The formula was also used for a 1993 Pan-Pacific series, several New Zealand Grands Prix, and Tasman Cup (Australia versus New Zealand) summer series. It was also proposed to be used for an Asian series based in China. With numbers dropping and the increasing prominence of Formula 3, the class was dropped by the CAMS sanctioning body after the 2005 season. In 2006, the category was run as part of the Australian Motor Racing Series under the sanctioning of the Australian Auto Sport Alliance (AASA) and at times the regular Formula 4000 field was complemented by vehicles competing in the new Oz BOSS category for open wheel racing cars. In 2007 numbers had dropped to the point they could no longer form races by themselves and were amalgamated into the OzBOSS category. As part of this amalgamation, the cars themselves were re-badged again as Formula 3000V6.
The drivers in the series in the 2000s were a mix of older drivers who owned their own cars, or very young Oceanic or South Asian drivers looking to make a name for themselves on the international scene. Although technically using cars just a step below Formula One, the lack of competition in the series means that drivers tended to progress from Formula 4000 to a minor series in Europe (Will Power - British Formula 3) or North America (Scott Dixon - Indy Lights). Alternatively drivers moved to any of the Australian sedan based championships such as Supercars or Australian GT.
From 1 January 2012, Formula Holden cars with a competition history established prior to 31 December 1991 are eligible to compete in Group R "Historic Racing & Sports Racing Cars (post-1977)". However, cars constructed with a full carbon tub are specifically excluded from this Group.
Cars used in Formula Holden
Cheetah Mk.9, Dome F102, Elfin FA891, Hocking 901, Hocking 911, Liston BF3, Lola T87/50, Lola T91/50, Lola T93/50, March 87B, Ralt RT4, Ralt RT20, Ralt RT21, Ralt RT23, Reynard 89D, Reynard 90D, Reynard 91D, Reynard 92D, Reynard 93D, Reynard 94D, Reynard 95D, Reynard 96D, Reynard 97D, Reynard 98D, Shrike NB89H, SPA 001, SPA 002, SPA 003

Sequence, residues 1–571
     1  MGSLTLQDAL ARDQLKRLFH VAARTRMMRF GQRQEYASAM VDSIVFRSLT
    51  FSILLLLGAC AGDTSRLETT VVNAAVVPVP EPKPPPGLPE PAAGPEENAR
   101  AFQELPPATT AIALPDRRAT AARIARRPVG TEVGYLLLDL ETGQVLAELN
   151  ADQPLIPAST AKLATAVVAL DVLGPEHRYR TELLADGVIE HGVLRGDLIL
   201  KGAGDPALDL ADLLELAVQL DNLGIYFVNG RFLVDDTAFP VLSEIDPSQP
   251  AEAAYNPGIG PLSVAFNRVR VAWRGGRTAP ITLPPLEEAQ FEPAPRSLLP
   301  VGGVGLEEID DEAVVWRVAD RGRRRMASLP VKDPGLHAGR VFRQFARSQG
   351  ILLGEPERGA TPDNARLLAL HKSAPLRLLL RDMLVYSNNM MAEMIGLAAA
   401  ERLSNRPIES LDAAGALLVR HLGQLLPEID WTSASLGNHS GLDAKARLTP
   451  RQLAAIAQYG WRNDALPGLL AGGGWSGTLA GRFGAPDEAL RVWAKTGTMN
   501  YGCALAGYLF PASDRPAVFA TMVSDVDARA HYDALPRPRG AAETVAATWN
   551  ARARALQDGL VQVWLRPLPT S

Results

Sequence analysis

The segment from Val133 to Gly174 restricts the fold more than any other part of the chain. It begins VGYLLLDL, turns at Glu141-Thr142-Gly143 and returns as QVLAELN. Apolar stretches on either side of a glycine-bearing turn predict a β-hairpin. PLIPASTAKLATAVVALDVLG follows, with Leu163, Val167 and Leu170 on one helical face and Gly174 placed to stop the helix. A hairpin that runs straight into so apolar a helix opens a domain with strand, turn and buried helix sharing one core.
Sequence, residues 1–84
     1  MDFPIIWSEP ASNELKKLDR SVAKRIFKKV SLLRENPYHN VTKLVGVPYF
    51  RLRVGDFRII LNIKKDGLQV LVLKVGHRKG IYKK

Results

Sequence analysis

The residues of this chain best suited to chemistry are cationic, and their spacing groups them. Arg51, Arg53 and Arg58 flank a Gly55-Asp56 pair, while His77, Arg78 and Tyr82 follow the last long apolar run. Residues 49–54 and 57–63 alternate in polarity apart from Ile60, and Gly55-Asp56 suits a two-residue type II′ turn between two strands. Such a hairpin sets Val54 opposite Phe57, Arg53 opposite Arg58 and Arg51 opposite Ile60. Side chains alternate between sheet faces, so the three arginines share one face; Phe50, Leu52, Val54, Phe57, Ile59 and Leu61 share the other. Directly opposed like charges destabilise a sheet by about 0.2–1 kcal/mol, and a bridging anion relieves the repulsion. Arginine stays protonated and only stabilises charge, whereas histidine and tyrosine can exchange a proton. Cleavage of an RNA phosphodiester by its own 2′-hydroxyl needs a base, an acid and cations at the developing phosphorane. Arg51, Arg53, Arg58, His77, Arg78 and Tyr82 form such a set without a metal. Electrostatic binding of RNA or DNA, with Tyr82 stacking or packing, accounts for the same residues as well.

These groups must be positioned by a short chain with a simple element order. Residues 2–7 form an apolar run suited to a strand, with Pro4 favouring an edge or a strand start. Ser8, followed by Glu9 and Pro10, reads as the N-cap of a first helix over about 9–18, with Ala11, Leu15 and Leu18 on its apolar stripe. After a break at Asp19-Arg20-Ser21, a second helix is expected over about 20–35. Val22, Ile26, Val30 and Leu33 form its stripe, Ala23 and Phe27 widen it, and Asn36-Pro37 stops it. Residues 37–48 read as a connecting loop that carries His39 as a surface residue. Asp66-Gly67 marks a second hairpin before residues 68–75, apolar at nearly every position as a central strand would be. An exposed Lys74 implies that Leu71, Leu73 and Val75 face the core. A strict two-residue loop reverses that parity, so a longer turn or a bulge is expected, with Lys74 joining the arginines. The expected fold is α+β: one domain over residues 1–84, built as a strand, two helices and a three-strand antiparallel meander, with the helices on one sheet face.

Despite Formula Holden not being raced competitively in Australia since 2007, the class still holds the outright lap records at a number of Australian and New Zealand race circuits. As of May 2016 the list is:
- Canberra Street Circuit* - 1:39.5409 - Simon Wills, Reynard 94D, 10 June 2000
- Hidden Valley Raceway - 1:02.9268 - Simon Wills, Reynard 94D, 13 May 2001
- Lakeside International Raceway - 0:46.66, Paul Stokell, Reynard 91D, 17 July 1994
- Mallala Motor Sport Park - 1:02.57 - Paul Stokell, Reynard 90D, 7 August 1994
- Oran Park Raceway (GP)* - 1:01.6718 - Tim Leahey, Reynard 92D, 30 July 2000
- Oran Park Raceway (South)* - 0:37.73 - Paul Stokell, Reynard 90D, 28 August 1994
- Queensland Raceway - 1:04.0661 - Simon Wills, Reynard 94D, 11 July 1999
- Phillip Island Grand Prix Circuit - 1:24.221 - Simon Wills, Reynard 94D, 13 February 2000
- Winton Motor Raceway (Club) - 0:52.99 - Mark Larkham, Reynard 90D, 4 April 1992
- Winton Motor Raceway (National) - 1:14.5697 - Christian Murchison, Reynard 95D, 16 July 2000
* Circuit closed
- Manfeild Autocourse (short) - 1:01.457 - Simon Wills, Reynard 94D, 26 November 2000
- Mike Pero Motorsport Park - 1.15.81 Scott Dixon Reynard 92D, 1998
- Pukekohe Park Raceway - 0:52.972 - Simon Wills, Reynard 94D, December 2000
- Teretonga Park - 0:51.206 - Greg Murphy, Reynard 92D, 1998
- Timaru International Motor Raceway - 0:56.26 Greg Murphy, Reynard 92D, 1995
- 1990 Phillip Island Raceway Dunlop Tyre Testing
- Phillip Island 1990 Formula Holden
- Formula Holden first ever race
- Once bitten......twice as good!, Official Programme, Transurban Australian Grand Prix, Melbourne, 7 to 10 March 1996, pages 104-106
- CAMS Bulletin Number: B11/127 Retrieved on 10 April 2012
- Natsoft Race Results